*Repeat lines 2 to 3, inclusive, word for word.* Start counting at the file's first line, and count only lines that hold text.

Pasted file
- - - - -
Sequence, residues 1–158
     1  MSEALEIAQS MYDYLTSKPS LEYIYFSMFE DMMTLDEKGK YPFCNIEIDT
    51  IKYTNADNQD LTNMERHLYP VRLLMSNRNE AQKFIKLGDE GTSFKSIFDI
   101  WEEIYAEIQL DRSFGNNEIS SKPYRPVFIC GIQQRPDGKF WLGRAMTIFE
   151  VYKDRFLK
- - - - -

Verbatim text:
     1  MSEALEIAQS MYDYLTSKPS LEYIYFSMFE DMMTLDEKGK YPFCNIEIDT
    51  IKYTNADNQD LTNMERHLYP VRLLMSNRNE AQKFIKLGDE GTSFKSIFDI